Shostakovich Crosses the Desert of Solitude

Shostakovich in the desert-1_edited-1
Bagh-e Miri. © Charles Thibo

Infinite sadness. Fear. Pending violence. I see a man. The man is alone and he walks through the desert. Glaring heat. Sharp rocks hurt is feet. Behind him – nothing. Ahead of him – the unknown. The man kneels down and prays silently. He rises up, stretches his arms towards the sky in a silent cry of pain.

February 1948. The Central Committee of the Soviet Communist Party lashes out against a number of composers and condemns them as “formalistic” and “alien to Soviet art” after Andrey Zhdanov, a close collaborator of Stalin, had stated that Soviet music was in a deep crisis since “…under the banner of illusory innovation, [the incriminated type of music] conveys a rejection of the classical heritage, of national character in music, and of service to people in order to cater to purely individualistic experiences of a small clique of aesthetes.”

Dmitry Shostakovich was one of those who expressed individual ideas in his music and thus an enemy of the people, emphasizing individualism over the benefits of Stalin’s state of the masses. Shostakovich went through a rough time; he had to “confess” his “errors” in front of Zhdanov and promised to “accept critical instruction” and to promote “the widest possible development of criticism and self-criticism”.

The composer was a prudent man. Before World War II he had already provoked Stalin’s furor with his opera “Lady Macbeth of Mtsensk“. He did not want to disappear in a labor camp. At the same time he was an artist, and his creativity would not be limited by Zhdanov’s criteria. While he had to deal with criticism and self-criticism, he was working on his Violin Concerto No. 1 in A Minor, op. 77. When he was done in March 1948, he asked the violinist David Oistrakh whether the violin parts were playable. They were. And then he locked the score up in a drawer. It would be performed for the first time in 1955, more than two years after Stalin’s death.

Listen to the third movement, the Passacaglia. A passacaglia denoted a slow walking dance in the Baroque era. A dance? The first bars after the dramatic fanfare bear more resemblance to a depressing funeral procession. The melodic line evolves into a meditation. On the recording by the Helsinki Philharmonic Orchestra, the German violinist Christian Tetzlaff transforms it in silent prayers and long, desperate cries. It is one of the most moving piece of music I am aware of. It took me some time to discover its depth and the more I listen to it the more it shakes me.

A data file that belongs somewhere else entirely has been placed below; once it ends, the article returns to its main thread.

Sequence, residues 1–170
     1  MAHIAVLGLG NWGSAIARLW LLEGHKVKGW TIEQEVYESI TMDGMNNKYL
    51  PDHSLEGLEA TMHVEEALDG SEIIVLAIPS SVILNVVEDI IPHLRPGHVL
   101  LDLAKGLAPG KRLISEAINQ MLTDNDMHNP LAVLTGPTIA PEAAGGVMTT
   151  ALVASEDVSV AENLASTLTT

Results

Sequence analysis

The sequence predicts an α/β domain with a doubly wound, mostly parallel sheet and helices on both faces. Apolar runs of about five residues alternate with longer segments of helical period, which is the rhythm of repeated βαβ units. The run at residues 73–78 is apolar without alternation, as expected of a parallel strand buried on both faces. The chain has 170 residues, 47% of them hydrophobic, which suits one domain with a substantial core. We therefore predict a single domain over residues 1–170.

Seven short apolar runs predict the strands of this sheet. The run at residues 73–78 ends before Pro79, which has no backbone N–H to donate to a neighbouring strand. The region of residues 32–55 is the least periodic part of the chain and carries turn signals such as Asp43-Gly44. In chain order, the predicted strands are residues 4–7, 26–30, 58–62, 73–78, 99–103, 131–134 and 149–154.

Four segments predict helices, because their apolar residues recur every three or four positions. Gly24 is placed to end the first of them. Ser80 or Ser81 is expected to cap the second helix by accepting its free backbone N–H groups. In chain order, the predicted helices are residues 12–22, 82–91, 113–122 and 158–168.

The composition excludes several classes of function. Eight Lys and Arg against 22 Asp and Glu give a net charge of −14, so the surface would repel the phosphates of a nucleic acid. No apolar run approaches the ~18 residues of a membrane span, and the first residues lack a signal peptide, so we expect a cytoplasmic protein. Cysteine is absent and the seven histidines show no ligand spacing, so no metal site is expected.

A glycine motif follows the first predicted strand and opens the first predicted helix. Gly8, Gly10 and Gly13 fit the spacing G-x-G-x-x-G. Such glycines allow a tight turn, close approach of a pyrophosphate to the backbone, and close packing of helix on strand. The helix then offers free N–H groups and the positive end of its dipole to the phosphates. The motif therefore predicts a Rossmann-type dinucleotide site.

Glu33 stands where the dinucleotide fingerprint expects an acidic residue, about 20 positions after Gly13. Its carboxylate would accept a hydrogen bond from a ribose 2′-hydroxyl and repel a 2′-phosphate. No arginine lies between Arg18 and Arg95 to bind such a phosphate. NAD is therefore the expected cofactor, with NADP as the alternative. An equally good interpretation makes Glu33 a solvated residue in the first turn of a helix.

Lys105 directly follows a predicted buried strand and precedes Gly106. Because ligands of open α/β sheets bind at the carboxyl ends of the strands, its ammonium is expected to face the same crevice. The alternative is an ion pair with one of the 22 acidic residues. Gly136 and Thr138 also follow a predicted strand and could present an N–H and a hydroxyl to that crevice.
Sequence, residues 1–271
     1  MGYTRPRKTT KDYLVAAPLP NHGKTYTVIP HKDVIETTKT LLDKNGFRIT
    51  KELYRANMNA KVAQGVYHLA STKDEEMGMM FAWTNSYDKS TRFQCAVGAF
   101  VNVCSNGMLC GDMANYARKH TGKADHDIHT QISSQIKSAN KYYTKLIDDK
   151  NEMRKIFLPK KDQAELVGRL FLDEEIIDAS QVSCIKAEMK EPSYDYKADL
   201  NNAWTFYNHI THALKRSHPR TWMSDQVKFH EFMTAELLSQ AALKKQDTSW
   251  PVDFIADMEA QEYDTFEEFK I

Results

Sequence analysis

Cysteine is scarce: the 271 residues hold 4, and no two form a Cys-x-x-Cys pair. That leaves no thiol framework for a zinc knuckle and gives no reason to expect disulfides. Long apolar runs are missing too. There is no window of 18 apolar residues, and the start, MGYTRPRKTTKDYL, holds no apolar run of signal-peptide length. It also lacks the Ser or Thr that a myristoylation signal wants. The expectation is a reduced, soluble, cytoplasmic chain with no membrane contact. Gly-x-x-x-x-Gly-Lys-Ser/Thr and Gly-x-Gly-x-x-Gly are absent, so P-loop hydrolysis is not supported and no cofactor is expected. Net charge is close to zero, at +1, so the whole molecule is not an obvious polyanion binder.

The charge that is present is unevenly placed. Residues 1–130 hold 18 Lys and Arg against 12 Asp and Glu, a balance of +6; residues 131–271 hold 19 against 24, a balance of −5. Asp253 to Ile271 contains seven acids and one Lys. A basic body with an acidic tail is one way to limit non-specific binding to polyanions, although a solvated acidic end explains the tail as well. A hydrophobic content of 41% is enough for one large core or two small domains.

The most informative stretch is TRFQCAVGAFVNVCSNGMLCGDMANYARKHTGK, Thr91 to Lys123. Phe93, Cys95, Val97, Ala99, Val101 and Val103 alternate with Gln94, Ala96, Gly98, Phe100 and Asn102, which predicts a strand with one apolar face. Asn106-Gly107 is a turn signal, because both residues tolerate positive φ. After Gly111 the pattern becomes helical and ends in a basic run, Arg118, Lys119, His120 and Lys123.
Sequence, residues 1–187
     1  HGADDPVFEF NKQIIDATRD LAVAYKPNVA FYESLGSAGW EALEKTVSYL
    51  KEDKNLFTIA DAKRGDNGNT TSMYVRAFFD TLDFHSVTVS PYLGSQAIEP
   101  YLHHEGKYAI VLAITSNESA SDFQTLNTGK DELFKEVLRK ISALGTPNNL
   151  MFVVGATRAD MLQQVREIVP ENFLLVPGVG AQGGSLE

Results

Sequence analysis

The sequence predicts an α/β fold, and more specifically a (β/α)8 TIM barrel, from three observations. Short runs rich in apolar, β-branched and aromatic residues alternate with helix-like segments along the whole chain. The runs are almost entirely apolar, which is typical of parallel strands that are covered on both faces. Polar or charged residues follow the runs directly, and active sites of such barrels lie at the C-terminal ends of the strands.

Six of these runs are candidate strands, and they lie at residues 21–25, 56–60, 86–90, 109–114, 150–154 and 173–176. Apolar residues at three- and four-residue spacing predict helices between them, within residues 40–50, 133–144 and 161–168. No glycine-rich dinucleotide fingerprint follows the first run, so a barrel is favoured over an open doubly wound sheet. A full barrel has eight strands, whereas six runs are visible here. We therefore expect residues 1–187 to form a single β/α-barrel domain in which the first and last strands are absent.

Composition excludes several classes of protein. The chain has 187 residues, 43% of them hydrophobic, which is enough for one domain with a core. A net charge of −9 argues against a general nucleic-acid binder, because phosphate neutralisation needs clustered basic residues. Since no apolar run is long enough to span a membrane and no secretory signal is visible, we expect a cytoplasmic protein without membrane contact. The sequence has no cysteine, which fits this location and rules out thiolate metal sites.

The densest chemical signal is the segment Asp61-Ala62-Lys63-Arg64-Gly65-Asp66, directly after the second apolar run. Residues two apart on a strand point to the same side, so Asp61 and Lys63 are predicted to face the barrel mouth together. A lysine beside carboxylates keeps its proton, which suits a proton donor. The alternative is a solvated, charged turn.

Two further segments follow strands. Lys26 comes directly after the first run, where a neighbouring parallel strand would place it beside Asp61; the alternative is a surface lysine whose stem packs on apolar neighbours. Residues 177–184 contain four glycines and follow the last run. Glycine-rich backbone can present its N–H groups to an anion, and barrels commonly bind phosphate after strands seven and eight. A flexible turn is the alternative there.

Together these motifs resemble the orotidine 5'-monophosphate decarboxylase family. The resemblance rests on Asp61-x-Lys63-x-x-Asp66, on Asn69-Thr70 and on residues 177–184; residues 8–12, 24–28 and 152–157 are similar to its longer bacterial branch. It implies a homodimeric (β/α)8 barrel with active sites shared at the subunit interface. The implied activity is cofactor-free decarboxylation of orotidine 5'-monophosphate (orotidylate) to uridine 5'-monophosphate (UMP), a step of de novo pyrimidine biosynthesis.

The lyrical beginning of the first movement, labeled “Nocturne” by Shostakovich does not prepare the audience for what is to follow. It has the flavour of sweet memories of the past, the reminiscence of a time when peace, hope, optimism, energy dominated. Did Shostakovich ever experience such a time? I doubt it. He was born just before the revolution of 1907, he was a teenager when the Bolshevik Revolution brought St. Petersburg to the brim of civil war. He was an adult when Lenin died and Stalin came to power and proceeded with the first purges of “enemies of the people”.

Gradually the violin concerto grows more and more disturbing. What is a simple hint at the inhumanity of Staline’s regime towards the end of the “Nocturne” grows into an outburst of terror in the scherzo. The scherzo, a reflection of the schizophrenic, paranoid and violent nature of Soviet society, is brutal and full of dissonances that would have driven Zhdanov completely mad.

The concerto finds its climax in the desperate outcries and silent prayers in the passacaglia. Shostakovich wrote this movement in the evenings after his interviews with Zhdanov. The final movement was labeled “Burlesque” by the composer. Sure enough, it confers an element of comedy. The kind of comedy you watch unfolding in sheer horror. It’s feels like whistling in the darkness to suppress your fear, a fool’s tactic.

Shostakovich was no fool. He knew exactly what he was doing and calculated the effect of his music upon the audience. Zhdanov was perfectly right when he asserted that Shostakovich indulged in individualistic aesthetics. That is an artist’s prerogative, no, it is duty. The concerto is an exceptional piece of music and for me one of the most impressive compositions that Shostakovich wrote. It was an adequate illustration of the year 1948. It is an adequate illustration of the year 2018.

© Charles Thibo

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